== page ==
For hours, we looked around in the usual grazing fields, but there was no trace of Rampyari. After we looked at all possibilities, including Kailash's conspiracy theories involving rival cattle shed owners, I just decided to give up and go home. Kailash vowed to keep his search on through the night.

The next morning, Kailash delivered our milk at home. Apparently, Rampyari had come back at night. The milk tasted awful, since Kailash had decided what it should taste like. The same thing happened that evening, and at that point, I was getting suspicious that Kailash was hiding Rampyari from me, so he could bring us diluted milk the next day under one pretext or another. But, the day after, when I was about to blow my top when I didn't see the cow in the shed, Kailash saw me and exclaimed, "Babu, guthhi sulajh gai!" (Babu, I have solved the riddle!). Then he almost dragged me to the field where Rampyari would usually graze.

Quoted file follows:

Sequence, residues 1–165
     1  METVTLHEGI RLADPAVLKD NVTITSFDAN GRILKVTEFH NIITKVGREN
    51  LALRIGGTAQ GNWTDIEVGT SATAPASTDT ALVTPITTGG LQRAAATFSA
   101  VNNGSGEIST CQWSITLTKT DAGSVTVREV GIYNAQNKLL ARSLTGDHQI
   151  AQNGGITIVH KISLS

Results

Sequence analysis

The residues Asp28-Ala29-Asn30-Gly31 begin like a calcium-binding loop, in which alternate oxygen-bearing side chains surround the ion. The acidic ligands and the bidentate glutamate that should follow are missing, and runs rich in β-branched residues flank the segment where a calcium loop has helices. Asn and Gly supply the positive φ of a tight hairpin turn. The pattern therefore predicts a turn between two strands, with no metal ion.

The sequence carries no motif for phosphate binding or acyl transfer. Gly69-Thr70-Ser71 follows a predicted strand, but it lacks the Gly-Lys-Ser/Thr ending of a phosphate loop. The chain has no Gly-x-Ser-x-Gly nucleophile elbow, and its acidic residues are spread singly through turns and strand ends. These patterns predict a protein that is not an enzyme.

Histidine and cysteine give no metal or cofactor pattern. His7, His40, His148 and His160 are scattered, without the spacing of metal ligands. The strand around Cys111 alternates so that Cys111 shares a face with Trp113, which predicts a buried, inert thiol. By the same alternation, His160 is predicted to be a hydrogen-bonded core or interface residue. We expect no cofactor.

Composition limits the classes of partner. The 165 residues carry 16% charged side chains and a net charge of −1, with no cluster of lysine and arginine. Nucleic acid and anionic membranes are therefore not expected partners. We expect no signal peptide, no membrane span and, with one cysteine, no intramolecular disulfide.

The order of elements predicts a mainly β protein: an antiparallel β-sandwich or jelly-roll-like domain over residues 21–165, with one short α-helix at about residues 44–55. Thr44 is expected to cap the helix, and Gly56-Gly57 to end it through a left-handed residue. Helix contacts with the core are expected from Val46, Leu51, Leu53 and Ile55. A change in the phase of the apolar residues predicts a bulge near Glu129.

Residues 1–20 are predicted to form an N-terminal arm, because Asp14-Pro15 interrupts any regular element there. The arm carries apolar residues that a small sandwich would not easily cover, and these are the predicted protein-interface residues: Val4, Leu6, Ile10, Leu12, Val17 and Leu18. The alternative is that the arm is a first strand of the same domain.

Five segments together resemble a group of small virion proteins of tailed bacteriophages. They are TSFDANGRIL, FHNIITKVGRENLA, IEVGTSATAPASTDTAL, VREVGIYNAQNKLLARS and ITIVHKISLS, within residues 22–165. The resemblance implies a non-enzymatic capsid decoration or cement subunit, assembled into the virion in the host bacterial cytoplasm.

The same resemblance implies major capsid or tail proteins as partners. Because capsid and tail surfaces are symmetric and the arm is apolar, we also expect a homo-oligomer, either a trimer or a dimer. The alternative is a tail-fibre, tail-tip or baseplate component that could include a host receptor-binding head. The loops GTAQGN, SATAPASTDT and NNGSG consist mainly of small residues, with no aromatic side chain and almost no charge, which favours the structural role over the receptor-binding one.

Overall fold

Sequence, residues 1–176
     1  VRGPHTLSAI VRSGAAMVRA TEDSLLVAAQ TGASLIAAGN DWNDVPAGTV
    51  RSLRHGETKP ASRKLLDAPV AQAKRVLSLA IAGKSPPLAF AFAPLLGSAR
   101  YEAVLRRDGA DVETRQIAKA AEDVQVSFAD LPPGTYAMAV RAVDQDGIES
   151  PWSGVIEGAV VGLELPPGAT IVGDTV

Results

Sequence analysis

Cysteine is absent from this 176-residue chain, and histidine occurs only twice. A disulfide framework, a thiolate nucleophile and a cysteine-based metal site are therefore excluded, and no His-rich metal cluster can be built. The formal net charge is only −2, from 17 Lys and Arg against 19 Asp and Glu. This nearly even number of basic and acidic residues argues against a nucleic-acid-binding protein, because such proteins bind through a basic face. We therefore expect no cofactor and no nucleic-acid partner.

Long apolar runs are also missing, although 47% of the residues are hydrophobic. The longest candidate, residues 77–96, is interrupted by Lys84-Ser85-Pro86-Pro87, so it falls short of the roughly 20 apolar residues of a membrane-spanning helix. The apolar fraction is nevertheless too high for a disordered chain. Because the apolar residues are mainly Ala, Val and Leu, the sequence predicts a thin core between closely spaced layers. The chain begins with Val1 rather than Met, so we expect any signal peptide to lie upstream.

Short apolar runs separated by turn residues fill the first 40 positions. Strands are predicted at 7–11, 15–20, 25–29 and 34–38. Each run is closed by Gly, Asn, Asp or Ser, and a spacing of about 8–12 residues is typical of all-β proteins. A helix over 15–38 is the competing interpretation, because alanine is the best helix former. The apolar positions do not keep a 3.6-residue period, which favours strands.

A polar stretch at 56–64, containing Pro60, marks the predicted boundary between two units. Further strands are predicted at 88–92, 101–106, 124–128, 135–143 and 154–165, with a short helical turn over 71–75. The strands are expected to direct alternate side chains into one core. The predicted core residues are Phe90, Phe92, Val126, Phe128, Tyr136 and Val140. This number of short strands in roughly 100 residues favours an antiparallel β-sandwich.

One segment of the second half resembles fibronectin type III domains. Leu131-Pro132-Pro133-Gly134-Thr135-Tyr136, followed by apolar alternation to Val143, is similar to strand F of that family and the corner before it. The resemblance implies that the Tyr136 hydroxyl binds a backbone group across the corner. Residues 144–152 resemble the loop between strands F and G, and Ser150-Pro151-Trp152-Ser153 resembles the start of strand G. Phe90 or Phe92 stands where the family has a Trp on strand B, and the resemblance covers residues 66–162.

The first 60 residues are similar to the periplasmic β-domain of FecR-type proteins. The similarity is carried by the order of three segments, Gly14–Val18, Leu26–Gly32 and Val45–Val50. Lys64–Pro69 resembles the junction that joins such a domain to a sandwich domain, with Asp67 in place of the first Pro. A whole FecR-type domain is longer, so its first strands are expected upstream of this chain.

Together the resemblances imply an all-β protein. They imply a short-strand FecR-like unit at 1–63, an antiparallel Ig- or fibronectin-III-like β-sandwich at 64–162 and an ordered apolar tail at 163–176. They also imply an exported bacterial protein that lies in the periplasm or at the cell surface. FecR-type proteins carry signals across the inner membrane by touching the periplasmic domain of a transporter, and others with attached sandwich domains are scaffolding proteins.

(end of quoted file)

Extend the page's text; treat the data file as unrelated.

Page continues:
She was in the middle of a huge field of grass, chomping away at the green bits of nutritious cellulose, that would be appropriately taken care of, in all the four chambers of her stomach. And we decided to wait. In just a few minutes, we heard the strangest sound ever heard in the hills of Jharkhand. It sounded like a bagpipe, and it was coming from the edge of the field, which ended in a little hillock. On top of the hillock, stood a pretty little guest house, where visiting engineers to the local mine from all parts of the world, would be put up. Like us, Rampyari had heard the music. And suddenly, she lifted her tail, and ran towards the source of the music!